20

I came across this on a git site:

mkdir log
echo '*.log' > log/.gitignore
git add log
echo tmp >> .gitignore
git add .gitignore
git commit -m "ignored log files and tmp dir"

So in the first instance of echo, we are writing the string to the file .gitignore in the log dir. In the second instance, are we writing tmp to the file .gitignore (in current dir). Why do we need to use >> versus > ?

1

2 Answers 2

31

When echoing something to a file, >> appends to the file and > overwrites the file.

$ echo foobar > test
$ cat test
foobar
$ echo baz >> test
$ cat test
foobar
baz
$ echo foobar > test
$ cat test
foobar

From the example you posted, a log directory is created and then *.log is put into log/.gitignore so that no log files are committed to git. Since > was used, if a .gitignore file had existed, it would be overwritten with only *.log.

The log directory itself is then added to your local git stage.

On the next line, >> is added so that tmp is appended to the end of the .gitignore file instead of overwriting it. It is then added to the staging area.

5

> is a redirection operator. < > >| << >> <& >& <<- <> are all redirection operators in the shell command interpreter.

In your examples, essentially > overwrites and >> appends.

See man sh, (from your terminal you can access the manual via man sh).

Redirections
     Redirections are used to change where a command reads its input or sends its output.  In
     general, redirections open, close, or duplicate an existing reference to a file.  The over‐
     all format used for redirection is:

           [n] redir-op file

     where redir-op is one of the redirection operators mentioned previously.  Following is a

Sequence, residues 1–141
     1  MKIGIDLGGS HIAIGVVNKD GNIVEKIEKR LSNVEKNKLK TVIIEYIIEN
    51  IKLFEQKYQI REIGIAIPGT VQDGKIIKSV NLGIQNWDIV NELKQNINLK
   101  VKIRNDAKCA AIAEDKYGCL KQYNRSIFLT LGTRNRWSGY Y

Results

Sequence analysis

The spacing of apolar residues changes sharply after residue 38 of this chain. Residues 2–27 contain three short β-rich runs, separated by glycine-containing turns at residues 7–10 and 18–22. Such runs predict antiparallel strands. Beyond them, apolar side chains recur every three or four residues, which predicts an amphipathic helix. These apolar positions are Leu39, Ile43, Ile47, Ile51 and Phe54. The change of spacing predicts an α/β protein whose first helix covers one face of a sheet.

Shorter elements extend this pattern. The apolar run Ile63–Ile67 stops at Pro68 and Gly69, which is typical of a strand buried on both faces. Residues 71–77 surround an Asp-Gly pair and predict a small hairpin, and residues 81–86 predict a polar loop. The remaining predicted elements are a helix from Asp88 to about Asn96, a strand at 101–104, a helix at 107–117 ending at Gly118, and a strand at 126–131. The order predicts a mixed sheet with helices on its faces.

list of the possible redirections.  The [n] is an optional number, as in '3' (not '[3]'),
     that refers to a file descriptor.

           [n]> file   Redirect standard output (or n) to file.

           [n]>| file  Same, but override the -C option.

           [n]>> file  Append standard output (or n) to file.

           [n]< file   Redirect standard input (or n) from file.

           [n1]<&n2    Duplicate standard input (or n1) from file descriptor n2.

           [n]<&-      Close standard input (or n).

           [n1]>&n2    Duplicate standard output (or n1) to n2.

           [n]>&-      Close standard output (or n).

           [n]<> file  Open file for reading and writing on standard input (or n).

     The following redirection is often called a "here-document".

           [n]<< delimiter
                 here-doc-text ...
           delimiter

     All the text on successive lines up to the delimiter is saved away and made available to the
     command on standard input, or file descriptor n if it is specified.  If the delimiter as
     specified on the initial line is quoted, then the here-doc-text is treated literally, other‐
     wise the text is subjected to parameter expansion, command substitution, and arithmetic
     expansion (as described in the section on "Expansions").  If the operator is "<<-" instead
     of "<<", then leading tabs in the here-doc-text are stripped.

Your Answer

By clicking “Post Your Answer”, you agree to our terms of service and acknowledge you have read our privacy policy.

Not the answer you're looking for? Browse other questions tagged or ask your own question.